The situation in Eastern Europe was different. Here, the Jews were often not assimilated and easily recognizable by their clothes, language, customs, and place of living. I don't think that much research was necessary to identify these Jews; most were anyway living in their own towns or quarters. And this is probably where the Holocaust started in 1941, with the mass shootings committed by the Einsatzgruppen behind the front lines. Thus, the Holocaust in the strict sense did not start in Germany. In my opinion, the radicalization and brutalization brought about by the war was a necessary condition for the Holocaust to happen.

After this radicalization, also Jews from Western Europe were deported to the killing camps. Here, a lot more bureaucracy was needed for identifying, locating, and transporting the victims.
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Old October 30th, 2012, 10:16 AM   #58

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Reading through this thread I get the impression that many people overestimate the planning and organizational capabilities of the Nazis. In reality, many events in that time developed out of a certain anarchy between different institutions and were not planned beforehand. In a similar way, the Nazi world view is a mixture of different ideologies that in itself is not even consistent.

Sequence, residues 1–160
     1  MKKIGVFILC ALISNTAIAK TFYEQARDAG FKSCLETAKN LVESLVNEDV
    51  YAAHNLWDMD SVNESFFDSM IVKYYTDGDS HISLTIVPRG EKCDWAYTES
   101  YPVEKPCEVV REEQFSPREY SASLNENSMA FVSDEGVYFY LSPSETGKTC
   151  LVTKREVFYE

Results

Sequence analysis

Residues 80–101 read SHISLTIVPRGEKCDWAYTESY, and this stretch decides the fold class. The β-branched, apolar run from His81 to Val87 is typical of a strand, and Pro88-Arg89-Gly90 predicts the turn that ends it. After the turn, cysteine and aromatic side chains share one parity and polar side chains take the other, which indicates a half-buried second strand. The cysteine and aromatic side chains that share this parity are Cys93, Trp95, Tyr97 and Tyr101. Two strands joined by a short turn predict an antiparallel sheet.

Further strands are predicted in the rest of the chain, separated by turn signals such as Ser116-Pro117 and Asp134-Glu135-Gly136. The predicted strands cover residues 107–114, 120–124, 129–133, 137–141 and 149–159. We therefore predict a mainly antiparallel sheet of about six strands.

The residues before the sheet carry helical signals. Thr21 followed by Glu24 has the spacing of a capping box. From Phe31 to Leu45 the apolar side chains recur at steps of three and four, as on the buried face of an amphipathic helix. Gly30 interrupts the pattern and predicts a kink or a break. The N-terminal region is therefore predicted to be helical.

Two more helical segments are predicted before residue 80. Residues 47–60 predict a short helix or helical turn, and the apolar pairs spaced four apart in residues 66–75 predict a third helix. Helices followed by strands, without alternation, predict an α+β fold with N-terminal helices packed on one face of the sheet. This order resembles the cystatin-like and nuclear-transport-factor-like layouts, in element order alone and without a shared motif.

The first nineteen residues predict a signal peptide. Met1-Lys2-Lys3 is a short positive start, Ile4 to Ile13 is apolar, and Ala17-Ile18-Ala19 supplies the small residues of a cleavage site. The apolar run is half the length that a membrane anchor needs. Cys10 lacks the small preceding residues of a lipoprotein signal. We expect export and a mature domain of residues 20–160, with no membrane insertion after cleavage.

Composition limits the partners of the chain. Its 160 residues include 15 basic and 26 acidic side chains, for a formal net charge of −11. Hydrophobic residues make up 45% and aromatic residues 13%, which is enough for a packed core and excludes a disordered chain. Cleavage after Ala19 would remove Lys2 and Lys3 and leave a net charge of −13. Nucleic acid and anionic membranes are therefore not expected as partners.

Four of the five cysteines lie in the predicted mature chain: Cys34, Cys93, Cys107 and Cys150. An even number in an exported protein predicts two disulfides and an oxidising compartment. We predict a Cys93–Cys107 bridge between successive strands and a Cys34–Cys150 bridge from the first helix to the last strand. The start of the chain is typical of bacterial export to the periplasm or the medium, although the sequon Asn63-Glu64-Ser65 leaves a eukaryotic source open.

The question who is a Jew was of course one of the central problems, especially in a country like Germany with advanced assimilation and intermarriage. Thus, the infamous Nuremberg Laws were passed in 1935:

I seriously doubt that Hitler would have liked the number of "Jews" in Germany going up from half a million to two million, as suggested in another post. In contrast, the Nuremberg laws provided the possibility for people with some Jewish ancestry to be integrated into the mainstream German society.